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Showing posts from August, 2014

Thoughts on Christy Mack, War Machine and Victim Shaming.

I said last December that my blog would make time to comment on things happening outside of movies, and I feel that this warrants it. Before I continue, I was going to make my comments about the heinous murders on the UCLA campus by a lone, disturbed gunman, and his final message he left on You Tube the day before; and the "Yes All Women" movement that took social media by storm after the tragedy. The reason I didn't is because I wasn't confident in my abilities as a writer to talk about subjects on gender equality and misogyny. The story in question, coupled with the lack of empathy have spurred me into writing this piece, along with advice from one of my social media friends, Ryan Adams.

By now you all should know the name Jonathan Koppenhaver, aka: "War Machine", but if you don't, here's the short version: the mixed martial artist fighter was being hunted by police for beating his then-girlfriend Christy Mack, at her home in Las Vegas, who was la…

Trapped In a Sea of Sameness

Going into The Giver, I was expecting the worst. For starters, they changed the age of the lead character Jonas, from a naïve 11 year-old boy to a swoon-worthy, naïve 18 year old. The same with his friends - both Asher and Fiona are now teens as well. Next was they way they marketed the film, as a cross between 1984 and Brave New World meets some teen melodrama you'd find on ABC Family. But mostly, I am just nearly burnt out by seeing studios take hot young adult novels and turn them into mediocre ripoffs of better-done adaptations, and given how poor Divergent, The Host, Ender's Game and The Fault In Our Stars turned out, you could understand my hesitation over seeing the final product.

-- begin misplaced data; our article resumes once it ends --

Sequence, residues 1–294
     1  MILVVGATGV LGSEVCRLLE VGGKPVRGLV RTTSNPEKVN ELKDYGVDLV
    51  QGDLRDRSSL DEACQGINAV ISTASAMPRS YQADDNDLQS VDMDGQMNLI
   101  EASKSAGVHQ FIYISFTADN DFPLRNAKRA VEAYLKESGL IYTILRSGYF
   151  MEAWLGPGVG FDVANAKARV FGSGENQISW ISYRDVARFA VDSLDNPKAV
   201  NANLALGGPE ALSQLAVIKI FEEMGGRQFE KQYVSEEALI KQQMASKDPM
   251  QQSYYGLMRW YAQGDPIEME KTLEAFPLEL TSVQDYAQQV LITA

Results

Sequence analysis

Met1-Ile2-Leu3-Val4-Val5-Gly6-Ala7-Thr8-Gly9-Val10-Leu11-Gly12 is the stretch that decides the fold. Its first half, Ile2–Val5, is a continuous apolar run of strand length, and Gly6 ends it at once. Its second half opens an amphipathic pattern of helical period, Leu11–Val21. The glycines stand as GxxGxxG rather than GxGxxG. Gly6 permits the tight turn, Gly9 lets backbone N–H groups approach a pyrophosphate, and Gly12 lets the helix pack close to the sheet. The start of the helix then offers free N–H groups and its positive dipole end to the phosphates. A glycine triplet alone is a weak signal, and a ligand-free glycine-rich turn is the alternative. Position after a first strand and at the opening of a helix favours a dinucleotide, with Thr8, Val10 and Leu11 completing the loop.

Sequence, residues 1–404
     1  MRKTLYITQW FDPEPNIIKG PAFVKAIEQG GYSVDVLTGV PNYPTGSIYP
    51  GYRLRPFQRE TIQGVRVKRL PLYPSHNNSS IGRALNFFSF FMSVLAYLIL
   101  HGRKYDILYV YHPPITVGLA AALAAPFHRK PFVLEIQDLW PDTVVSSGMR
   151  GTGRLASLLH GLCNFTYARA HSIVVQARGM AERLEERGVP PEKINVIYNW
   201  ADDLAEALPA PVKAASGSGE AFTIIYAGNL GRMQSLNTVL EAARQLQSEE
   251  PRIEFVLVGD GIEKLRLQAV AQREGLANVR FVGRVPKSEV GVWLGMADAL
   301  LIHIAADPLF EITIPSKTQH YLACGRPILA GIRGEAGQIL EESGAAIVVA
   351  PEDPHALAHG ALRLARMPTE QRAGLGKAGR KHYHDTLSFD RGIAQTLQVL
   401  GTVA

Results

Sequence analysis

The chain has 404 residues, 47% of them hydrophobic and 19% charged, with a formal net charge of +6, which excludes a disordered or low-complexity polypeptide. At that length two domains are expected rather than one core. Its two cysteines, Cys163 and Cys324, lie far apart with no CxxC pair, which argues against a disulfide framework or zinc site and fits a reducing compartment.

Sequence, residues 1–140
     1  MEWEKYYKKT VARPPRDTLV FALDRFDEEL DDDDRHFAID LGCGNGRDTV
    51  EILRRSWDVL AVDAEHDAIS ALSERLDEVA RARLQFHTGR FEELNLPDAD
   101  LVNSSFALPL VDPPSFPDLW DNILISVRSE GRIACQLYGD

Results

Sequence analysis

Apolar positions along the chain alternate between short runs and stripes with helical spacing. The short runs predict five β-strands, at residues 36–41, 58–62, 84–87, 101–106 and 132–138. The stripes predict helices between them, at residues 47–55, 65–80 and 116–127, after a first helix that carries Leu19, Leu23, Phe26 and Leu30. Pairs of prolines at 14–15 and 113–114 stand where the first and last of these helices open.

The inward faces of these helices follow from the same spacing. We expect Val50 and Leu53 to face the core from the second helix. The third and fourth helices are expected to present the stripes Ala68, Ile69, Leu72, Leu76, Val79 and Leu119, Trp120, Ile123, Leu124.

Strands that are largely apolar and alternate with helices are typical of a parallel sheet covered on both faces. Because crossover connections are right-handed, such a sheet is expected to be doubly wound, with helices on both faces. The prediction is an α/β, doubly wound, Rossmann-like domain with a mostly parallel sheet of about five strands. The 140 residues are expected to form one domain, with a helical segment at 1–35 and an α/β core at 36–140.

Imagine my surprise that the film version of author Lois Lowry's dystopian sci-fi thriller wasn't as terrible as I thought it would be. For starters, the cinematography and color palette by Ross Emery is how I imagined this world would look like. This bland, colorless world feels and l…

Mr. Brown Goes Into the Storm

Say, you liked disaster flicks like Twister, The Day After Tomorrow, The Perfect Storm and 2012; and you flocked to watch found footage/POV features like The Blair Witch Project, Cloverfield and the Paranormal Activity series, so here you go, America - a natural disaster flick with shaky camera work! It's a sure-fire hit; just step back and watch the money roll in!

Maybe I'm being too harsh. I'm sure this wasn't how first time screenwriter John Swetnam and producer Todd Garner pitched the film when the script was given the green light to start production. But I really do wonder if the people inside of the pitch meeting at Warner Brothers had a moment of pause and thought, 'Isn't this just a remake of "Twister" but with found footage slapped on?' Then again, this is the same town that thought Movie 43 and Catwoman had decent scripts to go into production, so I guess this shouldn't surprise me in the slightest.

I will say this about Into the Sto…

Summer's Pallet Cleansers, Or: A Vacation From the Extrodinary

I love summer movies just as much as the next person. Hell, this season's crop of popcorn escapism are actually better and more satisfying than last year's disappointing slate of blockbusters. But there's only so many big-budget, effects-driven extravaganzas I can watch before I burn myself out. In that instance, a break from blockbuster fare is sorely needed, and i'm reviewing two movies that help cleanse the pallet, and one that...doesn't . Yep, you can even find bad movies at an art-house theater. But that's beside the point. These movies, regardless of your opinions coming out, are good to experience because these are filmmakers who aren't beholden to the studio's bottom line of making a profit. They're doing smaller work, but nonetheless engaging. Most of the time.


Belle - Remember the name Gugu Mbatha-Raw. She's the best thing in an English drama that has so much right going for it. First, it's superbly directed by Amma Asante, who comb…